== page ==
A statement released on Friday, June 5, 2020:
Dear CDCI community, partners, and friends:
I am writing to join those demanding justice for the deaths of George Floyd, Breonna Taylor, Ahmed Aubrey, Tony McDade, and many more unarmed Black people. Their horrific deaths are occurring as the COVID-19 pandemic lays bare the outcomes of racist policies in the U.S with Black Americans dying 2.4 times higher than White Americans (APM Research Lab, June 1, 2020). As CDCI’s Director, I see the call to action to dismantle racist policies and systems as critical to our work.
Our Center's vision is "a future where all people, including people who experience developmental and other disabilities, and their families, are fully included in their homes, schools, and communities leading to self-determination, independence, productivity, and participation in all parts of community life.” This vision can only be achieved through direct action in the defense of everyone’s rights, especially Black Americans.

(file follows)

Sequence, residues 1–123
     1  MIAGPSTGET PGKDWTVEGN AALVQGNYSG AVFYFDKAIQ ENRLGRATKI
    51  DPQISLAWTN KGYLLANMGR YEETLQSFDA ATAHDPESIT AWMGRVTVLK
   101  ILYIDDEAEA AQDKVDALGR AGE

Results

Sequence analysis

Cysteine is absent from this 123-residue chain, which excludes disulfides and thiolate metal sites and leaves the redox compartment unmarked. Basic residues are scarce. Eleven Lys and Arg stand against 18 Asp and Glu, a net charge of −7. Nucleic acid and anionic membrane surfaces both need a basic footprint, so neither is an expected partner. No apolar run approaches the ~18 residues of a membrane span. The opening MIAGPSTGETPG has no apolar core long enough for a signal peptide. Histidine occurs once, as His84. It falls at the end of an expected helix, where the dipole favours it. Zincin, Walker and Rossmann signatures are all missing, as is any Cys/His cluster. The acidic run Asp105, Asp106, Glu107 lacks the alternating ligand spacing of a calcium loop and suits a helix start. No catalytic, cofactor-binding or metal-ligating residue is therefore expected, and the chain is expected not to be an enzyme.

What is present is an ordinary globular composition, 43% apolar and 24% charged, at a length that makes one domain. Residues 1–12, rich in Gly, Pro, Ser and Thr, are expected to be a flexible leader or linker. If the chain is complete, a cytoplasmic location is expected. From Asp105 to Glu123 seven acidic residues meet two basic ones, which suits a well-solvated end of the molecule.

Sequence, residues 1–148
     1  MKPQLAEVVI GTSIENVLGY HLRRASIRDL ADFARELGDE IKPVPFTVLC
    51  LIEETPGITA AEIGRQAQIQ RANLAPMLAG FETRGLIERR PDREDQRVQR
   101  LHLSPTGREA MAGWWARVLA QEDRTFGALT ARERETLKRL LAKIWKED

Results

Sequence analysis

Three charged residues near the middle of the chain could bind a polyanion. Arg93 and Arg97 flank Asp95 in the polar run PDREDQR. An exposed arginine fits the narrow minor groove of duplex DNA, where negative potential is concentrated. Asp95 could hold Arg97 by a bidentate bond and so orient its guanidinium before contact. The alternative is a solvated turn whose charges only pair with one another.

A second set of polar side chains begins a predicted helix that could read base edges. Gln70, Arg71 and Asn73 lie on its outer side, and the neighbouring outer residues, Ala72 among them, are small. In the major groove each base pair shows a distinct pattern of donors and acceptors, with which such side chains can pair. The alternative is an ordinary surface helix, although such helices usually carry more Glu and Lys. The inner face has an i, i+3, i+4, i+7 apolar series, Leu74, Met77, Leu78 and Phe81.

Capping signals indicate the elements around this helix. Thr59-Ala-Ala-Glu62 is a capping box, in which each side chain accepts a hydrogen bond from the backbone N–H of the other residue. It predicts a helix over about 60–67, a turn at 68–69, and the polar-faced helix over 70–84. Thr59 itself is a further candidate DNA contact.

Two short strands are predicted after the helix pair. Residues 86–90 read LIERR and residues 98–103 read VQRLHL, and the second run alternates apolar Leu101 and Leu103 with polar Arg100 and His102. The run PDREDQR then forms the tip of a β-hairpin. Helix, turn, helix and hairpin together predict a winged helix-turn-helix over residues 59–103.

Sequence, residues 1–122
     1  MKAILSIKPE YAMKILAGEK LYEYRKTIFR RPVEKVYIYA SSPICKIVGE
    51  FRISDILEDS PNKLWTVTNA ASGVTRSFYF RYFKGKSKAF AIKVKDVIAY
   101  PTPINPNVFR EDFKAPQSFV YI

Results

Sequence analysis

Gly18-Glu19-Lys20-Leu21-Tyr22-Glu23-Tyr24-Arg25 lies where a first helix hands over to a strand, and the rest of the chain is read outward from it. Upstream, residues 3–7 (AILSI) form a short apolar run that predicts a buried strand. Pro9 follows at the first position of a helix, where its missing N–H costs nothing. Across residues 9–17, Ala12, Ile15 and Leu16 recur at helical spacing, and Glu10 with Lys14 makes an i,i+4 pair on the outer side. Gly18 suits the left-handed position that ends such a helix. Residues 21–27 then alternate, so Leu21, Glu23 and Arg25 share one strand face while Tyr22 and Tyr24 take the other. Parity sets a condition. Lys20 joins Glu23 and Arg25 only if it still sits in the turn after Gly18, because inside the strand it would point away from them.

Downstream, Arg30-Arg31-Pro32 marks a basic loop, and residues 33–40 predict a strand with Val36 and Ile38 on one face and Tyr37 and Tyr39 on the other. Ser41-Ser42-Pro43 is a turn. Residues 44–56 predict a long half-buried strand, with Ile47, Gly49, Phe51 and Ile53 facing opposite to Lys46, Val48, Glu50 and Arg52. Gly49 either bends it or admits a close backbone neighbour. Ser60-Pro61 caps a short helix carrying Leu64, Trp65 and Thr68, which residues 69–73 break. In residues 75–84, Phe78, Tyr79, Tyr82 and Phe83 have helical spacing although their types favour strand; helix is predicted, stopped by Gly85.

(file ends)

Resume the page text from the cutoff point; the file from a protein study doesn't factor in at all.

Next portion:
For many reasons, we cannot advocate for disability rights while ignoring the fight for racial justice. More Black Americans identify as having disabilities (1 in 4) compared White Americans (1 in 5; Courtney-Long, E.A., Romano, S.D., Carroll, D.D. et al., 2017). In Vermont, 1 in 3 people who identify as racial or ethnic minorities report having a disability (Vermont Department of Health, 2018). Racism and ableism have long been connected and utilized to oppress and justify the denial of basic human rights. Our university’s participation in Vermont Eugenics Survey is a testament to that. And, the Civil Rights Act of 1964 directly influenced disability rights legislation that followed, including the Developmental Disabilities Assistance and Bill of Rights Act of 2000 that funds our Center.
At CDCI, we prioritize Inclusive Excellence in our teaching, service, research, and sharing of information. We see the call for antiracist actions and policies as part of this commitment. In January, Ibram X. Kendi visited our university and charged us to be antiracist. Inaction and silence do not lead to progress, and it is not enough to be not racist. Black and other people of color experience a much less inclusive Vermont and UVM. Discrimination by individuals and policy must be actively sought out and challenged.
As we pursue our mission and work plan, we will critically examine how we are upholding this commitment and where we need to do better. We will actively and intentionally work within our Center and with our partners to end racist policies and disparities.
Thank you for your continued partnership, commitment, and hope.
All my best,
Jesse Suter, Ph.D.
We also stand in solidarity with recent statements by: